The Gurkha Contingent (GC)
is a line department of the Singapore Police Force consisting primarily of Gurkhas from Nepal. Members of the GC are trained to be highly skilled and are selected for their display of strong discipline and dedication in their tasks. The principal role of the contingent is to be a special guard force, and it is currently used as a counter-terrorist force.
The GC was formed on 9 April 1949 in the wake of Indian independence from the British Empire, when Gurkha regiments of the British Indian Army were divided between the Indian Army and the British Army as per the terms of the Britain–India–Nepal Tripartite Agreement. Those transferred to the British Army were posted to other remaining British Colonies. In Malaya and Singapore, their presence was required in the Malayan Emergency, and their roles were to replace the Sikh unit in Singapore which reverted to the Indian Army on Indian independence.
Just a year after their formation, their presence became an asset when racial riots between the Malay and European communities broke out over the disputed custody of Maria Hertogh. The GC troopers were again activated when major rioting erupted all over the country between the ethnic Malays and Chinese on Prophet Mohammed's birthday from 21 July 1964 till September that same year.
At that time, their presence as a neutral force was important because local police officers were often perceived to be (or were even expected to be) biased towards their own ethnic groups when handling race-related issues, further fueling discontent and violence. Officers who attempt to carry out their duties impartially and in full accordance with the law also faced social backlash from their own ethnic communities, a difficult situation which can even lead to physical harm to individual officers.
In his autobiography, former Singapore Prime Minister Lee Kuan Yew recounted the use of the Gurkha Contingent as an impartial force at the time when Singapore had just gained independence. He wrote:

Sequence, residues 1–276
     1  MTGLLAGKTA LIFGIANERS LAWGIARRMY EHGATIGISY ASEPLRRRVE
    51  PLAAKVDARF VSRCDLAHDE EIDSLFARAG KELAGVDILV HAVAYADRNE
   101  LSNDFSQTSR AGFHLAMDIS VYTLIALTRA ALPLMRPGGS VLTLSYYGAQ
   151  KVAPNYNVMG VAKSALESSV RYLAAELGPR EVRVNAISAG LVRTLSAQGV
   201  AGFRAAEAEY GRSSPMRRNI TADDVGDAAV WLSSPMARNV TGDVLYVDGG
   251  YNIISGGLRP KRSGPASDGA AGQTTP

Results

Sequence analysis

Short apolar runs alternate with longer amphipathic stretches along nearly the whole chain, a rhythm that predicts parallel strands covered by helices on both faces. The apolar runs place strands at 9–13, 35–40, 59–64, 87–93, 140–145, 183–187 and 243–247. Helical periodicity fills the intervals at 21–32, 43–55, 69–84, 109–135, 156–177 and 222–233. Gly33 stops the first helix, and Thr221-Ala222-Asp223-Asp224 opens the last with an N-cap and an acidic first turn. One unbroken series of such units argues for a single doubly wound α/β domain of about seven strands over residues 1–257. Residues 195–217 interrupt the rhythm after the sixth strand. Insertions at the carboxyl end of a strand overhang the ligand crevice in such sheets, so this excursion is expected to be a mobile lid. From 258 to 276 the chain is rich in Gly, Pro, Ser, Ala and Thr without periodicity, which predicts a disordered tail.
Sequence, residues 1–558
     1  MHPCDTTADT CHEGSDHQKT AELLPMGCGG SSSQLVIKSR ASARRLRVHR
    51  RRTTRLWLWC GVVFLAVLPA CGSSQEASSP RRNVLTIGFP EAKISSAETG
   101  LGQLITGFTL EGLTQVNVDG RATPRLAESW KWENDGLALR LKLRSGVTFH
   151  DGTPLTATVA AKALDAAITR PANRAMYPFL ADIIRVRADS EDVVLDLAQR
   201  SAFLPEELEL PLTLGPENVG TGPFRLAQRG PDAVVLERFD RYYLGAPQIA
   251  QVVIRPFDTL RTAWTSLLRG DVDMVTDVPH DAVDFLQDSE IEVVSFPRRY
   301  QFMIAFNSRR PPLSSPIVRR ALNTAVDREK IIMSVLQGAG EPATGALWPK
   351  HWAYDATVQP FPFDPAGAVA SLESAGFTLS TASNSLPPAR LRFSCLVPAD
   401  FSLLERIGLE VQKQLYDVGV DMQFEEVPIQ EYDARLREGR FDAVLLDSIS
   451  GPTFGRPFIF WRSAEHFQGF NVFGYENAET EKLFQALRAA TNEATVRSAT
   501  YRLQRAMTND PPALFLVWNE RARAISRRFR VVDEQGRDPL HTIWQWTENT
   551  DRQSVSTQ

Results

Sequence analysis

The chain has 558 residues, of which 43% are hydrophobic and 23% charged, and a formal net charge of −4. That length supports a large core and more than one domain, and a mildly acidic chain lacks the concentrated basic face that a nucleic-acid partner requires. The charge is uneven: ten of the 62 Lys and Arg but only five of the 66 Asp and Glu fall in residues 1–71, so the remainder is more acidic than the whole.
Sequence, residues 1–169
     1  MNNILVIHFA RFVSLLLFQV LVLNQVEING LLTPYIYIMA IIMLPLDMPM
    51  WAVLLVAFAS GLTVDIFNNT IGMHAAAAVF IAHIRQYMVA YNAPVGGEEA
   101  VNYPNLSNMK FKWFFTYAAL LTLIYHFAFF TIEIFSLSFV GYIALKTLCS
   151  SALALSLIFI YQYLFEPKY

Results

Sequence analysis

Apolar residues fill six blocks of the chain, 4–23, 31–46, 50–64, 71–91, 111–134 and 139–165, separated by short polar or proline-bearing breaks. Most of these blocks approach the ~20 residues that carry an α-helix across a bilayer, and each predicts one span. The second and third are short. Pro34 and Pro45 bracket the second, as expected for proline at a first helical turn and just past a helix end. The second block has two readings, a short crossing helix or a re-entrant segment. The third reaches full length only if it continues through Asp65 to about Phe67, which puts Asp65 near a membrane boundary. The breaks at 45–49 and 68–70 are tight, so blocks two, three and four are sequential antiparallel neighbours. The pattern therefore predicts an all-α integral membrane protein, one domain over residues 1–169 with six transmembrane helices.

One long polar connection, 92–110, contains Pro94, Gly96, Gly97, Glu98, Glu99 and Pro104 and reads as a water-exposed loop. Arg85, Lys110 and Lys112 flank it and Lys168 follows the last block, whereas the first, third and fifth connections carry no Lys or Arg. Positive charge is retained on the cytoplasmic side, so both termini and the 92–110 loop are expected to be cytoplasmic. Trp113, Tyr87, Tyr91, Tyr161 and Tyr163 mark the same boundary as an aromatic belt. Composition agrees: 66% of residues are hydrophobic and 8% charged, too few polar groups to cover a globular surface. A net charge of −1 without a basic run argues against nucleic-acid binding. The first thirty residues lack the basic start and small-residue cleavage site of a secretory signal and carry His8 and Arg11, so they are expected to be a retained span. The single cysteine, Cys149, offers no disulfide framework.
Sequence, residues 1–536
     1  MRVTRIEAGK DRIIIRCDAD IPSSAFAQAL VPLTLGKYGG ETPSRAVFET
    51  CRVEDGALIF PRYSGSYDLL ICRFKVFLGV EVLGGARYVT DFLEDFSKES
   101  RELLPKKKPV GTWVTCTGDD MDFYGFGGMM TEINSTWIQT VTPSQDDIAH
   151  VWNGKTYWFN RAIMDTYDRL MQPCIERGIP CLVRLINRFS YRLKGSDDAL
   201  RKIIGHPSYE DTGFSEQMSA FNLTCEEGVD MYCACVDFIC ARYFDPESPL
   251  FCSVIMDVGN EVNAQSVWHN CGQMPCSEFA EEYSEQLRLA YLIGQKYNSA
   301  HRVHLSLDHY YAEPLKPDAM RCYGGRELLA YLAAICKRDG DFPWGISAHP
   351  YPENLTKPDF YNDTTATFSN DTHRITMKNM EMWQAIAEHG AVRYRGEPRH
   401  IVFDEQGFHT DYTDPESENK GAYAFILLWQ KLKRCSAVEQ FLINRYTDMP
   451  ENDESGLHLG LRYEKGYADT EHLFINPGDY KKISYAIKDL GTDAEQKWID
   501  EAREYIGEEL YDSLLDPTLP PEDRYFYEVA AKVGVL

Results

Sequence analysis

When I returned to Oxley Road [Lee's residence], Gurkha policemen (recruited by the British from Nepal) were posted as sentries. To have either Chinese policemen shooting Malays or Malay policemen shooting Chinese would have caused widespread repercussions. The Gurkhas, on the other hand, were
neutral, besides having a reputation for total discipline and loyalty.
Manpower and training.
Since its formation in 1949 with 142 men, the contingent has grown to over 2,000 in size in 2003. Young men are recruited in Nepal at the British Gurkha camp in Pokhara. About 320 are selected annually in December out of a pool of over 20,000 applications with about 80 eventually joining the GC while the rest will go to the British Army.
Some of the basic physical admission criteria in the recruitment camp include:
•Aged 17 1/2 to 21
•Minimum height of 160 centimetres (5 feet 3 in)
•Minimum weight of 50 kilograms (110 lbs)
•Chest circumference of 79 centimetres (31 in) with minimum 5 centimetres (2 in) expansion
•No applicants needing eyesight aids will be accepted.
•Generally good oral hygiene, with up to two fillings, false teeth or a single gap.
Applicants are expected to possess a minimum education level of SLC 3rd Division, equivalent to the GCE Ordinary Level. Upon registration, they have to go through a battery of physical and mental assessments prior to selection, including oral and written tests in the English language, a mathematics test, a board interview and medical examination. The annual selection process, which normally takes 17 days but is spread over four months due to conditions in Nepal, will then assign recruits to either the GC or the British Army.